Everyone knows that there are plants you need to be careful of, especially around kids – the Royal Horticultural Society (RHS) listing more than 60 kinds which are commonly grown in our gardens that are poisonous.
So, how well do you know which plants to avoid in the kids’ garden – and why?
Take our quick quiz and find out.
1. Daffodils are a Great Favourite with Children
…but how safe are they?
(a) Fine, provided you don’t actually eat the bulbs.
(b) Only the inner parts of the flower are poisonous.
(c) All parts of the plant are poisonous.
2. Laburnum is a Well-Known Potential Danger
…but what’s the most poisonous part of this attractive tree?
(a) The young leaves
(b) The seeds
(c) The flowers
3. Yew is Another Plant to Avoid
Most parts of it are poisonous and the seeds are particularly dangerous – but can you recognise it?
(a) A small, annual weed with blue flowers and seeds like dandelion parachutes.
(b) An evergreen shrub or tree with small, needle-shaped leaves and bright red seed pods.
(c) A deciduous, broad-leafed tree, with large yellow flowers and big purple fruits.
4. Giant Hogweed is a Very Unpleasant Plant
…and is legally classified as a “notifiable weed.” Why is it so dangerous?
(a) It has a highly poisonous sap that causes skin to blister when exposed to sunlight.
(b) Contact with its pollen causes paralysis.
(c) It has fruits that look like oranges which are highly poisonous when eaten.
5. Which of the Following Plants are Poisonous?
(a) Lupins, Foxgloves, Autumn Crocus and Bluebells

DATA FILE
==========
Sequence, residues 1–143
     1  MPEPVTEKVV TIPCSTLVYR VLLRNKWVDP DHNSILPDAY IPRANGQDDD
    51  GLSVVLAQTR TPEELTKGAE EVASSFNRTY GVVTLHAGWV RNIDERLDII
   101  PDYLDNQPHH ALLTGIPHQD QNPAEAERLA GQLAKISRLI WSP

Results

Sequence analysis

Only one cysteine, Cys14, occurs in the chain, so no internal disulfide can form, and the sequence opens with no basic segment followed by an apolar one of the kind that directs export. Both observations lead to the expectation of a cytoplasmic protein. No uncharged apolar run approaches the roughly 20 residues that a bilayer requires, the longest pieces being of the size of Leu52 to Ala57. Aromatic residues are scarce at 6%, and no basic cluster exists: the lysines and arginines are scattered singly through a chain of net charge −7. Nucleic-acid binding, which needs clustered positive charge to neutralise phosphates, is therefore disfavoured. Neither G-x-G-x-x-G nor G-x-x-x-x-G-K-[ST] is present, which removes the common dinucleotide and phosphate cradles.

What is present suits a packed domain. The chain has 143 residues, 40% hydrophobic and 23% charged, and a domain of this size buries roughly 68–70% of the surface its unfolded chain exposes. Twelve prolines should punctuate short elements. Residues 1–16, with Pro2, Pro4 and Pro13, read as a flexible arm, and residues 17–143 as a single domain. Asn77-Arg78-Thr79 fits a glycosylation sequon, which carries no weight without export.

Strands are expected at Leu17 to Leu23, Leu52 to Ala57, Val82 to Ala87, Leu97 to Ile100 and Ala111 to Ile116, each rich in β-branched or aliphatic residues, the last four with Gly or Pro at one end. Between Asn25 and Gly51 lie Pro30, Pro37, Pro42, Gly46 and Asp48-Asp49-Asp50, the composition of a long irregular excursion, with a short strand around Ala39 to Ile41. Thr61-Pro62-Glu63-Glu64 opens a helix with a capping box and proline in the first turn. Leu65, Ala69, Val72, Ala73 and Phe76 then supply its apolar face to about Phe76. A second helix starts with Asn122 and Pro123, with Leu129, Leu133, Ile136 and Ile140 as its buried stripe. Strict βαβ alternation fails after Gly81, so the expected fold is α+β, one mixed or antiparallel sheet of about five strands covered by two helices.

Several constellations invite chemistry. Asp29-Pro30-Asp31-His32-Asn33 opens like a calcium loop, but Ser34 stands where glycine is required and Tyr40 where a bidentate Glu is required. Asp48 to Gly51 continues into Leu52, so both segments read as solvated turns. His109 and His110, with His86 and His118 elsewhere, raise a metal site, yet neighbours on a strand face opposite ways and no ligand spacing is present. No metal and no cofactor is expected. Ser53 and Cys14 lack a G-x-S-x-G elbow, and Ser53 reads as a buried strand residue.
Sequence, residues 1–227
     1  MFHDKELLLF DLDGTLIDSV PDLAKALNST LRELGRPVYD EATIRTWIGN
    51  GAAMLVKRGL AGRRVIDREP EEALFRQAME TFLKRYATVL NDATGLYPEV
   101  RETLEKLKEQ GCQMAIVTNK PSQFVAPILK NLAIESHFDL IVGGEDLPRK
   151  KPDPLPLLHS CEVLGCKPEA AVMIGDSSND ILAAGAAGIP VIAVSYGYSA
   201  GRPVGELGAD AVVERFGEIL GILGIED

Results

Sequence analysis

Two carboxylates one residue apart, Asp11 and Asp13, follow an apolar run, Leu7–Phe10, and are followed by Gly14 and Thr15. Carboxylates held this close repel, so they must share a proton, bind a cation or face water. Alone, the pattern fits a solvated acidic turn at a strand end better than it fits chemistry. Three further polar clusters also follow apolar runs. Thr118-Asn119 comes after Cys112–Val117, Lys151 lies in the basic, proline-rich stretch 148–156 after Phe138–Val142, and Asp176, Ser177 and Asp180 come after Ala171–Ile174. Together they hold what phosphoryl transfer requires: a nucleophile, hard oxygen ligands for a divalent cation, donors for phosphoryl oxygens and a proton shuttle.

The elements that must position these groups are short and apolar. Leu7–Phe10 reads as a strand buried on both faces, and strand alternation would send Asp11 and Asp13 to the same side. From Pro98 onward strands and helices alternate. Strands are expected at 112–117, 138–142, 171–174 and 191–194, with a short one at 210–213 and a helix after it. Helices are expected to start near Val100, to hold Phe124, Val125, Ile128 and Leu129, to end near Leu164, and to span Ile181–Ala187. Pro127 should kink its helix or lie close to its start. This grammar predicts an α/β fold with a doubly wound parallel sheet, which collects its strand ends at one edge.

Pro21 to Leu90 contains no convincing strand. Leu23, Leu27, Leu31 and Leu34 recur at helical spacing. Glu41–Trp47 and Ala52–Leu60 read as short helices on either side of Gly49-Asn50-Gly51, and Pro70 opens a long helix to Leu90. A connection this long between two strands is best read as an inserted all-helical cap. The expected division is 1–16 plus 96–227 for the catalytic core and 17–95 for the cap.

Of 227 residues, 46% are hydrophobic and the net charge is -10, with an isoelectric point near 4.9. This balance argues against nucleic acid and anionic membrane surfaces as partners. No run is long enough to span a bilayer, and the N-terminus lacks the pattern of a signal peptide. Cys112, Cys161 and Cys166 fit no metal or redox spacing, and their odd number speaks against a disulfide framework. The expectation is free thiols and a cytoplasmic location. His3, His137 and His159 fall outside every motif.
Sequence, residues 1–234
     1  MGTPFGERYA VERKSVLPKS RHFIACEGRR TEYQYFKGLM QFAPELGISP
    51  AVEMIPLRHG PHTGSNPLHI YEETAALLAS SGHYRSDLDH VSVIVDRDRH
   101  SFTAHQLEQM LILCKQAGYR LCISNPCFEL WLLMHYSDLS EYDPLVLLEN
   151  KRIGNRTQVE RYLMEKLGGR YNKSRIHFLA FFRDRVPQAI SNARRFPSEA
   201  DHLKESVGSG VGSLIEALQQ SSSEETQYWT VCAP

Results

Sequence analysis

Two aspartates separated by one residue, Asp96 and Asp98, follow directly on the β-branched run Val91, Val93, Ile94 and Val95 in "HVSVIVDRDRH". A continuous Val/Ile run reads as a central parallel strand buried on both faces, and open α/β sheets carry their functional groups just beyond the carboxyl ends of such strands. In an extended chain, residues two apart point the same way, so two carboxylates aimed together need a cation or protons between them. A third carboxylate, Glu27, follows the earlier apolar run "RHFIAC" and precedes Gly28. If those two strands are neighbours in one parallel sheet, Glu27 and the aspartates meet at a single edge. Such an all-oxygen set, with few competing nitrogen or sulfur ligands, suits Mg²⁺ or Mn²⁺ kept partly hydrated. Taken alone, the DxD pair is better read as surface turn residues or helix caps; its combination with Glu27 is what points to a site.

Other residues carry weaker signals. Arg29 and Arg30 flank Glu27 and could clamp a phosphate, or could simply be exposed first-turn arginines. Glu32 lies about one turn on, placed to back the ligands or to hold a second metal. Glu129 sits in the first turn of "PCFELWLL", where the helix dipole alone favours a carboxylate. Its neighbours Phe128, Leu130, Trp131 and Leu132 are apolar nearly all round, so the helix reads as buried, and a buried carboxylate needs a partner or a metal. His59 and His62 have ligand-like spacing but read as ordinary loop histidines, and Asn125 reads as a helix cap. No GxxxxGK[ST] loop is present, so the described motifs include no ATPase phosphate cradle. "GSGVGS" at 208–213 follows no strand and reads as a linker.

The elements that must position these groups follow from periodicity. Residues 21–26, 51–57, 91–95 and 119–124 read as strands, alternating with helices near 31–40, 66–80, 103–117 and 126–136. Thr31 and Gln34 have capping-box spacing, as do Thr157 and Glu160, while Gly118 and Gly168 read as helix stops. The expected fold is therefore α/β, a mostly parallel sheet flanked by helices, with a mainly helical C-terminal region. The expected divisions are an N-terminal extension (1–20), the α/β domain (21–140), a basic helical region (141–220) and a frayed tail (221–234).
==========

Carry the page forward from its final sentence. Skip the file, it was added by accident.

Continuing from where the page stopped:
(b) Lily-of-the-Valley, Oleander, Monkshood and Mandrake
(c) All of the above.
6. What are the Three Most Common Symptom
…when a child has eaten a poisonous plant?
(a) Stomach pains, vomiting or diarrhoea
(b) Irregular heartbeat, convulsions and unconsciousness
(c) Delirium, fever and hallucinations
7. The HTA run a labelling scheme which covers 115 different types of plant
…which are known to be potential dangers – but just who are the HTA?
(a) Horticultural Teachers Authority
(b) Horticultural Trade Association
(c) Horticultural Trauma Agency
8. No prizes for knowing that “Deadly Nightshade” is one to avoid
…but which of the following statements is true about this plant?
(a) It’s a close relative of potatoes and tomatoes.
(b) It was once used as a cosmetic to make eyes seem more attractive.
(c) In ancient Rome, Livia is rumoured to have used it to kill her husband Augustus Caesar.
1. Surprisingly, the answer is (c) – all of a daffodil is poisonous.
2. Answer (b) – the seeds of Laburnum.
3. (b) – Yew is an evergreen, with small, needle-shaped leaves and bright red seed pods.
4. The answer is (a). Exposed skin turns red and itchy, and in about two days, blisters form, which can leave scars that last for years, while sap in the eyes can cause temporary – and sometimes permanent – blindness. Definitely one to avoid!
5. It’s (c) – all of them. All of these plants feature on the RHS list.
6. Although all of these symptoms can occur, depending on the plant eaten, the most common signs of poisoning are stomach pains, vomiting or diarrhoea – so it’s answer (a).
7. It’s (b) – the Horticultural Trade Association; garden centres that are members of the HTA display labels clearly warning of the dangers of common irritant, poisonous or potentially allergy-provoking plants.
8. Actually, they’re all true. The nightshade family contains a number of well known plants, including chilli peppers, petunias, mandrakes – and potatoes and tomatoes. Its scientific name Atropa belladonna comes from the Italian bella donna – “beautiful lady” – which is said to refer to its use to dilate the pupils to make eyes more appealing. Livia was, by all accounts, a prolific and proficient poisoner who would have been well aware of the effects of this plant. In one version of the story, she is supposed to have poisoned some of the food on her own plate, which she then offered to her husband – presumably to avoid his official “taster.”
So how did you do? Can you spot a poisonous plant a mile off, or do you need to do a bit more research?
Whether you’re an expert or a bit of a beginner, one thing’s for sure – you can never be too aware of the dangers that lurk in your garden. Always remember that old proverb – forewarned is definitely forearmed!